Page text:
Late last year, after many months of hard work, FHA stood up the new platform and began the journey of transforming the IT infrastructure, first by introducing a claims module for the electronic submission of supplemental claimsclaims submitted after an initial claim is filed. Previously a laborious, paper-intensive, manual process, these claims can now be transmitted directly to HUD electronically, and in bulk, via FHA Catalyst.   

The important point is that, rolling into 2020, the platform on which the claims module was placed was built to be agile and adaptable to needs within a fast-moving, digital world.   

The FHA and OCIO team were humming along when the COVID-19 pandemic arrived on our shores. Undeterred, the team persevered and didn’t miss a beat, rolling out new improvements in record time. 

When HUD Homeownership Centers around the country moved to telework in March, the platform was swiftly adapted, in a matter of days, for Electronic Document Delivery (EDD).  EDD digitizes what were previously hard-copy loan origination case binders from lenders without the authority to endorse FHA loans, so they can submit them electronically for approval.  This improvement alone will save the industry an estimated $200 million per year in administrative fees associated with paper document submission.   

At hundreds of pages eachthe binders would have been piling up at Homeownership Centers around the country during the pandemic, but instead can now be processed by FHA staff from their remote locations. To protect borrowers and the integrity of the system, the deployment included completion of mandated cybersecurity assessments and authorizations.   

FHA Catalyst will be ready to receive all COVID-19 national emergency-related claims, which FHA can expect in large numbers – potentially to the tune of hundreds of thousands – avoiding an unthinkable amount of paper and inefficiency.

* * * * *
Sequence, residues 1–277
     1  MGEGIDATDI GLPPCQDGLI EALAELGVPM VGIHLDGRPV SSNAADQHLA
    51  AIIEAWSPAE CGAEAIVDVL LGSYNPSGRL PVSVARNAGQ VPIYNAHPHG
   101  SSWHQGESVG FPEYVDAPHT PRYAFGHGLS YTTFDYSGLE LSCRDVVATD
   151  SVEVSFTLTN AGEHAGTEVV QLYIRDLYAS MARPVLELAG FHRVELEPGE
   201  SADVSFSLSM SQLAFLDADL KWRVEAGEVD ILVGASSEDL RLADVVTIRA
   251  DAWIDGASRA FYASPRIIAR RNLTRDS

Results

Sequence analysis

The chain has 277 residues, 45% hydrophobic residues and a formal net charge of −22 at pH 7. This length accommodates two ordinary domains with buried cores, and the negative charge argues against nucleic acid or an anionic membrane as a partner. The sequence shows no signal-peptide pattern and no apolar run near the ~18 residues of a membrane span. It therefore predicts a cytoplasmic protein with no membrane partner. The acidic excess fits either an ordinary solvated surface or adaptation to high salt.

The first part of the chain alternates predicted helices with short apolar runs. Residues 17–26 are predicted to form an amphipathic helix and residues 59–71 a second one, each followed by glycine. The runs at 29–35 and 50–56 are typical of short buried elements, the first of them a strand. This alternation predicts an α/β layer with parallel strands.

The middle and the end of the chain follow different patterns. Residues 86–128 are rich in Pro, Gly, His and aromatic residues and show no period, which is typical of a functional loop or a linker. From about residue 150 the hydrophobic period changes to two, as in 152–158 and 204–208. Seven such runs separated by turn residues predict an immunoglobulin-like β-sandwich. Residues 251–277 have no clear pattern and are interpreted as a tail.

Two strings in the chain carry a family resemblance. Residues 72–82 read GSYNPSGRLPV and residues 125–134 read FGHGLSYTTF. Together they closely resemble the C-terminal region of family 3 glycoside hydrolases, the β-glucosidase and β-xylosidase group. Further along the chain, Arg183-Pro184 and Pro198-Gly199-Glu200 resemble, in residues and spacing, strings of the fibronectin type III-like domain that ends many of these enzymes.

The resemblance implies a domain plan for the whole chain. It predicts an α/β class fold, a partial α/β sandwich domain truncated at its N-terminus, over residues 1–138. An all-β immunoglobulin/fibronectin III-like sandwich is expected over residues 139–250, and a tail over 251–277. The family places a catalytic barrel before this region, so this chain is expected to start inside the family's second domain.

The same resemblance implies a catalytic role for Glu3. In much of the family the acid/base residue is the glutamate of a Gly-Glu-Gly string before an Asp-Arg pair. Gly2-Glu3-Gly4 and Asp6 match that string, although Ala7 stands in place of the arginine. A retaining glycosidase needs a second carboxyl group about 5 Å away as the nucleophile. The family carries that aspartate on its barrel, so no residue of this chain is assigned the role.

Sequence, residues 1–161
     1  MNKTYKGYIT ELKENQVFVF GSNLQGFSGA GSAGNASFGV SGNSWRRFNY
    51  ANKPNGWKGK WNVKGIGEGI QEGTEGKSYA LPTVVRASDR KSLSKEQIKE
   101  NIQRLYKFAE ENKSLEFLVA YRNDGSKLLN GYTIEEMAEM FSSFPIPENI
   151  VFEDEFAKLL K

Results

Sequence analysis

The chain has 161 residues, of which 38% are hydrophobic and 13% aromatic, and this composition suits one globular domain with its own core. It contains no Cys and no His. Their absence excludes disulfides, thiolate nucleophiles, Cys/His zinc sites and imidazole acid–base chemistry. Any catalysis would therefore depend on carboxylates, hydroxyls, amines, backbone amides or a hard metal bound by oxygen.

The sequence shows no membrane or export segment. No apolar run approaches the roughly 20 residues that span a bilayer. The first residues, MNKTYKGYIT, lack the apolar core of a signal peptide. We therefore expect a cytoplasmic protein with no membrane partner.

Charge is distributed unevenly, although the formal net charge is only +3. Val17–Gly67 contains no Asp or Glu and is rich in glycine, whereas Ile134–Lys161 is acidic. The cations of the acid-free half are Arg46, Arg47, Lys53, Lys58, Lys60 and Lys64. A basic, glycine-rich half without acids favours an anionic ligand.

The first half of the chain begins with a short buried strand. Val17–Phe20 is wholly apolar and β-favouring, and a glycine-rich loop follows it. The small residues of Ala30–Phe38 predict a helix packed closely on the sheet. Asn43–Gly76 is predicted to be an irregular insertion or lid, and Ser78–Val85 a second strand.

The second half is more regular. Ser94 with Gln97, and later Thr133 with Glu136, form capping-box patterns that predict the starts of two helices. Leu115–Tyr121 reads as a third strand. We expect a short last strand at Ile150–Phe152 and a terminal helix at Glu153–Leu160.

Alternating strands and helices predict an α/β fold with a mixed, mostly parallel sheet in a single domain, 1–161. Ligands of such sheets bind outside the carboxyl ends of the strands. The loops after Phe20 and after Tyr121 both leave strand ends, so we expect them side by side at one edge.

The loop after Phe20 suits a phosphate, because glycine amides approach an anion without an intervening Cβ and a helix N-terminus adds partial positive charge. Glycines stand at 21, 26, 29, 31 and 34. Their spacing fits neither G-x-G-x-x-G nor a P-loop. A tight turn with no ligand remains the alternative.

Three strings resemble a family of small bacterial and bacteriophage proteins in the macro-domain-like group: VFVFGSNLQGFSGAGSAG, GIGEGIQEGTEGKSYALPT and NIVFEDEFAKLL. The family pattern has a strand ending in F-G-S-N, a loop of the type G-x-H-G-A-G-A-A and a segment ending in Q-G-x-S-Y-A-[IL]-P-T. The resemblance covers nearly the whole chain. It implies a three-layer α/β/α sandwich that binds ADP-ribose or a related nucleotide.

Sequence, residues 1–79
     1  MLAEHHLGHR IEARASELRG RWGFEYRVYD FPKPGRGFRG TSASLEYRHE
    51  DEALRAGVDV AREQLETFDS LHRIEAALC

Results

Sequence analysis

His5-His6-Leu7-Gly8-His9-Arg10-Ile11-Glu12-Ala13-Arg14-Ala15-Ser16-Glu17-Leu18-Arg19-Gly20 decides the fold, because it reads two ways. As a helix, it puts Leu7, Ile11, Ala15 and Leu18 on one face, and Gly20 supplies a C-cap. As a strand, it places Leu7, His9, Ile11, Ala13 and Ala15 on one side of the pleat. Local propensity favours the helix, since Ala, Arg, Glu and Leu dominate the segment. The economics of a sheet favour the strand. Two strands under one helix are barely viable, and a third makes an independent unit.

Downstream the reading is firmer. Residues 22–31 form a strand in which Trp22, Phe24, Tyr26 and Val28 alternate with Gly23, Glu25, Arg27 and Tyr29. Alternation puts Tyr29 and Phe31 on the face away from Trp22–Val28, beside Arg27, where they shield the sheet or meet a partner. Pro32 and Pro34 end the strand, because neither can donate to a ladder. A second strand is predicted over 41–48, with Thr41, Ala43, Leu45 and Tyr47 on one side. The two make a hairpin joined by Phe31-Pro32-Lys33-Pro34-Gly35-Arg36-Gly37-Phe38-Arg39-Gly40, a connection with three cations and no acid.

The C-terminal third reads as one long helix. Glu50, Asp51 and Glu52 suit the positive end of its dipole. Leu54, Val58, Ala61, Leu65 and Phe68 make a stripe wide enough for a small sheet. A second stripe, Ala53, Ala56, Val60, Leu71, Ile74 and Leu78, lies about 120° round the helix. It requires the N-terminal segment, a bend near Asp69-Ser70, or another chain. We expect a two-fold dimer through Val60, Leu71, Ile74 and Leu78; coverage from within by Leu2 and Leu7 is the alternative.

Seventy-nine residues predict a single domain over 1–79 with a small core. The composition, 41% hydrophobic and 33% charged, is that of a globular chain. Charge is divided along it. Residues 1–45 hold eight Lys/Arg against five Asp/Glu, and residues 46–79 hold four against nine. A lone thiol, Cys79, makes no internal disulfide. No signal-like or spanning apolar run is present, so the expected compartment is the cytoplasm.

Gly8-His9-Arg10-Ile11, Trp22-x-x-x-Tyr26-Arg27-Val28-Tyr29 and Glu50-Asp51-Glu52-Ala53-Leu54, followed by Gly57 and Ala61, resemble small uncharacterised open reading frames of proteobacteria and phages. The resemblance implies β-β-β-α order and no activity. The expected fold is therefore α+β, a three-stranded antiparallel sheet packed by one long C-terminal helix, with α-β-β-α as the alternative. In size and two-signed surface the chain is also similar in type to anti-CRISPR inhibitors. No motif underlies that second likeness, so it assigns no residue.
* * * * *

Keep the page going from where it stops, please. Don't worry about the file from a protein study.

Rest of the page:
Late this summer, FHA began direct integration with lenders and appraisal management companies so that the platform can now accept electronic receipt of appraisals directly from their outside systemswhile providing real -time feedback on appraisal data requirements.   

Bearly fallthe FHA system will be fully evolved to accept all additional claim types, and soon afterthe full submission of loan applications and endorsements.  Meanwhile, the platform is already providing both FHA and Ginnie Mae greater data visualization and analytics to monitor COVID-19 forbearance and default impacts along with HUD CARES Act grants. A new, customizable “dashboard” for FHA lenders is now available to improve both efficiency and transparency. 

To top it off, the transformation being undertaken within FHA has provided the foundation for information technology modernization across all of HUD.  Originally focused on FHA Single -Family programs, FHA Catalyst’s development and delivery methodology has provided a model to be emulated by other program offices.